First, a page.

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Chronology

  • 1920
    The first “cloche” shape takes the form of diamonds and onyx watch-brooch.
  • 1921
    First “cloche” wristwatch in platinum and diamonds.
  • 1922
    First Cloche de Cartier wristwatch in yellow gold with a leather strap.
  • 1920-1970
    Between 1920 and 1970, Cartier created several models, including some which are conserved today in the Collection Cartier.
  • 1984
    In 1984, the watch was relaunched within the Louis Cartier collection (created in 1981). Several variations were added up to the end of the 1980s as well as the first gold models with leather straps, including pieces with precious dials and “rice grain”, gadroon or coloured leather straps. These creations all came with a quartz movement.
  • 1995
    Cartier launched a limited series of 200 Cloche de Cartier watches, distinguished by the use of Arabic numerals. With “apple” hands, a mechanical movement and a sapphire cabochon, this yellow gold model can also be placed vertically, like a “desk clock”.
  • 2007
    The Cloche de Cartier watch was relaunched in a limited series of 100 pieces in the Collection Privée Cartier Paris. The model is in yellow gold, with a leather strap, apple-shaped hands, Roman numerals and a mechanical movement. It can also be placed vertically as a “desk clock”.

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Cloche De Cartier – one watch, two identities

1. The classic Cloche De Cartier Watch

Barely 100 years old and still ticking as it did on the very first day. Keeping everything from the original, with a singularity that surprises at first glance, making you see things differently as you get closer to it.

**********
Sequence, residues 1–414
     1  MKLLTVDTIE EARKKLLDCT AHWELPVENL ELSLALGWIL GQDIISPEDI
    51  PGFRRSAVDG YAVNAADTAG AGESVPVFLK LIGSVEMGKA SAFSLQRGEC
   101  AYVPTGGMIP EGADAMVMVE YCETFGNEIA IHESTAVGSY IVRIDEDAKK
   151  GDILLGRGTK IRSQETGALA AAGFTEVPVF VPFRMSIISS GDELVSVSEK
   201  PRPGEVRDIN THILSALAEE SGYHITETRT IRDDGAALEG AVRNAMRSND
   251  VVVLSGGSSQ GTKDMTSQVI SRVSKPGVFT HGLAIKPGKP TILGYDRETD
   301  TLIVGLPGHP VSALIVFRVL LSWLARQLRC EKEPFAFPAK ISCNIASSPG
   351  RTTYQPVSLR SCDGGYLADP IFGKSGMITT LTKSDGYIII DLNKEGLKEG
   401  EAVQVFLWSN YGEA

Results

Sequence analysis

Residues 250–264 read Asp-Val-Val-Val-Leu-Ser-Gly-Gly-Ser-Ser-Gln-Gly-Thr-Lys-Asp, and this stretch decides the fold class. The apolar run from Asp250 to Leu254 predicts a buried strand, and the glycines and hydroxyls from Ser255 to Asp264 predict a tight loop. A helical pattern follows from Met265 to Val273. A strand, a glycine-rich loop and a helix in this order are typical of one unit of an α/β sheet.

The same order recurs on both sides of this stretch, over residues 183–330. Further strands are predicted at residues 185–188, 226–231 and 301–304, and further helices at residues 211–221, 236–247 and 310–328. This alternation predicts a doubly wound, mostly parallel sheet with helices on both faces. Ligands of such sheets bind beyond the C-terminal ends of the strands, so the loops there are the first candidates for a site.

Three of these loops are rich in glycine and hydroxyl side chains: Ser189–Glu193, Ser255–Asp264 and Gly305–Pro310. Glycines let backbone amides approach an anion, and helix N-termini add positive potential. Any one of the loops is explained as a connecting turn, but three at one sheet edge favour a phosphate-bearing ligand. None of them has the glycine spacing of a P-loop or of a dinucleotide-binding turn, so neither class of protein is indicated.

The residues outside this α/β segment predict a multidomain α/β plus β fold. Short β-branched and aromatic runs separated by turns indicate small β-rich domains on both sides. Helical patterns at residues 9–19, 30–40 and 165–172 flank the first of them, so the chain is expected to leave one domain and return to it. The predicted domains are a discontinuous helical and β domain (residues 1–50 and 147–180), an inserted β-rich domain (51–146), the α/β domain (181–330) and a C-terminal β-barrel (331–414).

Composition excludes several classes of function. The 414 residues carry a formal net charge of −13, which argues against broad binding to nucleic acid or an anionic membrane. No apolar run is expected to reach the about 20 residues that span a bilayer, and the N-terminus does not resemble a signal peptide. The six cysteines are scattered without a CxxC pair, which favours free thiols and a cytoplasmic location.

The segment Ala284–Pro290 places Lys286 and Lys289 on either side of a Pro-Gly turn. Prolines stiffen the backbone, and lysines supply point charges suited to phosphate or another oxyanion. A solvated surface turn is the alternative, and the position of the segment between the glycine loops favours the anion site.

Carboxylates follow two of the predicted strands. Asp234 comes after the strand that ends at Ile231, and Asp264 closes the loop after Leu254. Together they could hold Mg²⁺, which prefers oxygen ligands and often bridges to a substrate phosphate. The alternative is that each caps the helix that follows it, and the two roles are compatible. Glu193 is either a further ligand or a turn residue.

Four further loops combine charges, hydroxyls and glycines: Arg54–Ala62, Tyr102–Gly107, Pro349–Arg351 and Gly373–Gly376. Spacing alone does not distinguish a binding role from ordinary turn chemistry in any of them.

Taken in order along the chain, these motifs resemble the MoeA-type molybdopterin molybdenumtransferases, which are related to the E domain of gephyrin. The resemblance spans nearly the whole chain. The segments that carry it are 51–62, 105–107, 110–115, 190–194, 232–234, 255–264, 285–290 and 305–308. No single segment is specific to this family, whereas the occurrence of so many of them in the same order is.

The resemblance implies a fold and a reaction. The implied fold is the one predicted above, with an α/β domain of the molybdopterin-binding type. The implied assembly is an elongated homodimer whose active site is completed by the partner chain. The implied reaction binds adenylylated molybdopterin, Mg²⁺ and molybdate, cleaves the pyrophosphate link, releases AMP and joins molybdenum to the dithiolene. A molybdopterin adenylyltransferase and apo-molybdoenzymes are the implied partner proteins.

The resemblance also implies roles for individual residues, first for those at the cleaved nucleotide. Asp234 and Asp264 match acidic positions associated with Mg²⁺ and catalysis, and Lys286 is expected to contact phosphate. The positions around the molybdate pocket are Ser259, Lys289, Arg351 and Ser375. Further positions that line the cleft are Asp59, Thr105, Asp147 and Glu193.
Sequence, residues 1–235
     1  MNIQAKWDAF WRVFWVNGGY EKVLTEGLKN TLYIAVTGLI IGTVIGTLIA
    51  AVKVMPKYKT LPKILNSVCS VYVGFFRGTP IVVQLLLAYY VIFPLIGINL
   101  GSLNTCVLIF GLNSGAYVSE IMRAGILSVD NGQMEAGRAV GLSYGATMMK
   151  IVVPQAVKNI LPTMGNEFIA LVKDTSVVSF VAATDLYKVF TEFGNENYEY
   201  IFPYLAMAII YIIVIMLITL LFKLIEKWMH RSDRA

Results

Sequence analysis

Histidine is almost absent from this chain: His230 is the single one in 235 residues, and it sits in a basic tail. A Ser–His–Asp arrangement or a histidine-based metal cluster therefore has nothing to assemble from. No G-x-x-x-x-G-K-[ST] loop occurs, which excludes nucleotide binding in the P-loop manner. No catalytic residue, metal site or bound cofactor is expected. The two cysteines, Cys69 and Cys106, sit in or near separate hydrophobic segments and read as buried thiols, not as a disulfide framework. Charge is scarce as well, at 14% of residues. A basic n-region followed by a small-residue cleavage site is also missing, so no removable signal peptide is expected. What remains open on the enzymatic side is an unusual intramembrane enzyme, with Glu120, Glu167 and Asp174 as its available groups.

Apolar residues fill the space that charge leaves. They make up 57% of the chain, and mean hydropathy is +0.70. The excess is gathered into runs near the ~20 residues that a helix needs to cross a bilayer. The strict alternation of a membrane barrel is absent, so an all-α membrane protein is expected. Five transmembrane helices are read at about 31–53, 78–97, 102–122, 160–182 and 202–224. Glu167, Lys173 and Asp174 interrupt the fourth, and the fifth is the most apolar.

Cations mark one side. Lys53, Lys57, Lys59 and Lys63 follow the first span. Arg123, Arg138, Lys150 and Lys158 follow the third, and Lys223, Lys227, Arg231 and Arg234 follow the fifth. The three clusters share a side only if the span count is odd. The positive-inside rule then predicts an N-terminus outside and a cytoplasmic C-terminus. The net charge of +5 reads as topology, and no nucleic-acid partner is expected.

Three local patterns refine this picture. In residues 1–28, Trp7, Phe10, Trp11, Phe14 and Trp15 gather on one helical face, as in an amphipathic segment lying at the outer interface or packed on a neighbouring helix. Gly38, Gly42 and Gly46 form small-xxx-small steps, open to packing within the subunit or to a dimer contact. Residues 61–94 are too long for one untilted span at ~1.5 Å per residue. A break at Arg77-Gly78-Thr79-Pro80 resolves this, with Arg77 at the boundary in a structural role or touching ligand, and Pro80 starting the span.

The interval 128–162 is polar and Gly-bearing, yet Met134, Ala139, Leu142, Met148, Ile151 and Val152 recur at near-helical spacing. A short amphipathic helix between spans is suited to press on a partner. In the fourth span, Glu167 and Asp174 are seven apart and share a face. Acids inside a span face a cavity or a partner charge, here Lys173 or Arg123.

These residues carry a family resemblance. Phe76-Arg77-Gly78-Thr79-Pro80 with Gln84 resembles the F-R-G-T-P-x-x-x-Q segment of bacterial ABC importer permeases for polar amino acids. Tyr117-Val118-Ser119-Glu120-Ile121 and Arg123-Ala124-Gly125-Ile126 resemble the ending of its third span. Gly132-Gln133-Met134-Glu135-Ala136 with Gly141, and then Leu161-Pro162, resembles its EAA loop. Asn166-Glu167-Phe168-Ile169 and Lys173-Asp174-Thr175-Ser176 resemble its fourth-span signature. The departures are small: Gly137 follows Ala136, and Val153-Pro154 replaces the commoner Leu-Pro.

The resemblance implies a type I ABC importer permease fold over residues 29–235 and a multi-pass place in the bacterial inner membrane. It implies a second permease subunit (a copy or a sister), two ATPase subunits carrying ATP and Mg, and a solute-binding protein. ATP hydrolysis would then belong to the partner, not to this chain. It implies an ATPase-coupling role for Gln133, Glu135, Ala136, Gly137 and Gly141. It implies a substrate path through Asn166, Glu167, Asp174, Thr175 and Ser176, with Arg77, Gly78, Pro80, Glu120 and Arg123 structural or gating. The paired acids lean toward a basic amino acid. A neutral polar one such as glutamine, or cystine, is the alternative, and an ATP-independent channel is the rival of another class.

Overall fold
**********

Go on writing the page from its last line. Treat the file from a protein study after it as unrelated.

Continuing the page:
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Available in pink gold, yellow gold or platinum, it displays all of Cartier’s watchmaking codes: rail tracks, sword-shaped hands and a closed-set cabochon on the winding crown. It has stayed faithful to the original model’s finishes: satin-finished on the back, polished between the lugs or edges, it is powered by the 1917 MC Manufacture mechanical movement, a calibre created in 2019.

Cartier Privé Collection

Both unique and surprising, the time can be read by extending the arm, without the need to bring the wrist towards you. Proof that even in the 1920s, Cartier approached watchmaking with comfort and ergonomics in mind.

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2. The Cloche De Cartier Watch

This year, Cartier has chosen to apply one of its watchmaking signatures, the skeleton, to this iconic watch: a true technical feat in the field that involves adapting this complication to the watch’s atypical shape.

Cartier Privé Collection

Three skeleton models complete this collection. While it showcases the immediacy of an entirely openworked dial, it required the Manufacture 1917 mechanical movement to be completely reworked into a very fine network of gears, visible through the transparent Roman numerals, now transformed into bridges. It is now known as the 9626 Cartier Manufacture movement. In the platinum version, the winding crown is set with a ruby cabochon.

Cartier Privé Collection